As further seen in the longitudinal section view of FIG. 2, a curved hydraulic cylinder 34 is located at the same end of housing 12 as input shaft 14. Curved hydraulic cylinder 34 (a torus section) is provided with a single O-ring seal piston 36 at its head. Piston 36 is mounted to a curved lever 38 that is attached to input shaft 14. As the input shaft rotates, piston 36 traverses the curved cylindrical (circular cross-section) region 40, and creates a moving seal inside the cylinder bore. Thus, if hydraulic pressure is applied to either side of piston 36, the pressure moves the piston, which would tend to rotate input shaft 14. However, since input shaft 14 is affixed to its mounting block 22 it is prevented from rotating, and the torque created by the pressure against piston 36 instead causes the entire derailleur body 12 to rotate around input shaft 14 since body 12 is not otherwise constrained.
Other hydraulic transducers could also be used inside the derailleur housing to generate the necessary torque. Another style of rotary force transducer is a “rotary vane” system. It would also be possible to utilize a linear hydraulic cylinder similar to the type used in previous hydraulic derailleur designs. However, the curved cylinder construction is deemed preferable due to its simplicity in sealing, and its smaller overall size.
Piston 36 is also coupled to an elongated connecting link 42 that contains pivot pin holes at each end. One pivot pin connects link 42 to the piston on the input shaft end, while the other pivot pin connects link 42 to a second lever 44 that is affixed to shaft 16 (the output shaft). Connecting link 42 also contains a series of equal-depth, closely-spaced, parallel grooves 46 on opposite flat side surfaces, which are part of the detent mechanism described further below. Output shaft 16 is supported by ball bearings in the housing halves. Output shaft 16 is located at the opposite end of housing 12 with respect to input shaft 14. The axes of input shaft 14 and output shaft 16 are generally parallel. Output shaft 16 exits the housing through another rotational O-ring seal. Thus, a 4-bar linkage is formed with the 4 bars being comprised of the two levers 38, 44, connecting link 42, and body 12. Alternative means (non-hydraulic) could be provided for coupling the necessary force to rotate derailleur body 12, e.g., tension cables.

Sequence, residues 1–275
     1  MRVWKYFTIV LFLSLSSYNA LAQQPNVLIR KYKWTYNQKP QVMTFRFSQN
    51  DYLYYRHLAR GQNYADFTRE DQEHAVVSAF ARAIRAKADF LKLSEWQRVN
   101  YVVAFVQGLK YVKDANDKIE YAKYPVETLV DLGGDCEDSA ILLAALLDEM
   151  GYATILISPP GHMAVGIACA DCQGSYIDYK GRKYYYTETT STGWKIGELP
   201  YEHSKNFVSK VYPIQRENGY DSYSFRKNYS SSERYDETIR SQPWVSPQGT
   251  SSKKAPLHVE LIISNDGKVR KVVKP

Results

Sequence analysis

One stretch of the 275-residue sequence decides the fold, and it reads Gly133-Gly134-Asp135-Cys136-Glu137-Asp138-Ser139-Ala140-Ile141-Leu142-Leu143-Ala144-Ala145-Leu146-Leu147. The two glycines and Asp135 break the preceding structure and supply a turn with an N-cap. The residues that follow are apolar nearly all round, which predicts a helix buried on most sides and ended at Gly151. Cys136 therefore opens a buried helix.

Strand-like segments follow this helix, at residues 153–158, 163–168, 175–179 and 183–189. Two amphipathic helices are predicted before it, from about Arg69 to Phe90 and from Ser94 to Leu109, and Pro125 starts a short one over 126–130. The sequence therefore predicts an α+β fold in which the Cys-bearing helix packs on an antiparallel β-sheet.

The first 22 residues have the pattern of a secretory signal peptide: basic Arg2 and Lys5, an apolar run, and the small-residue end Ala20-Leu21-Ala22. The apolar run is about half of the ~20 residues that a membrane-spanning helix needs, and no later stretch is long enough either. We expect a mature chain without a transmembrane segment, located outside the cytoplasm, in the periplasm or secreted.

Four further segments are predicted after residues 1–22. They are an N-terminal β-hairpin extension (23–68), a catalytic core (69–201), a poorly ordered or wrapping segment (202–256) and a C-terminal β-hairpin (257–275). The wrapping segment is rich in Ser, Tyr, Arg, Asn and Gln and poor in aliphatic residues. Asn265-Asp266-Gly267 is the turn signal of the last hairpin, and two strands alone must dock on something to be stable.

The end of output shaft 16 which exits from body 12 is clamped onto a second mounting block 50. The guide and idler sprocket assembly (as described for previous hydraulic derailleur designs) is mounted to second block 50. When actuated, derailleur body 12 moves the chain guiding idler assembly through a segment of an arc that is inclined at a 45° angle to the rear wheel axle. Actuation of hydraulic pressure at piston 36 also causes relative rotation of output shaft 16 as body 12 rotates about input shaft 14. An adjustment mechanism can be provided to slightly change the rotational clamping position of output shaft 16 with respect to block 50 during installation of the derailleur onto the bike.
While the dimensions of the derailleur may vary considerably depending upon the application, the following dimensions are considered exemplary. The distance between the centerpoints of the shafts 14 and 16 is about 1.875″, and the overall length of housing 12 is about 3″. The height of the derailleur is about 1.25″. The weight of the derailleur will depend upon the materials used. To keep the weight low, housing 12 is preferably constructed of magnesium, and the linkages are constructed of titanium. The weight of the overall system is comparable to mechanical-type derailleurs.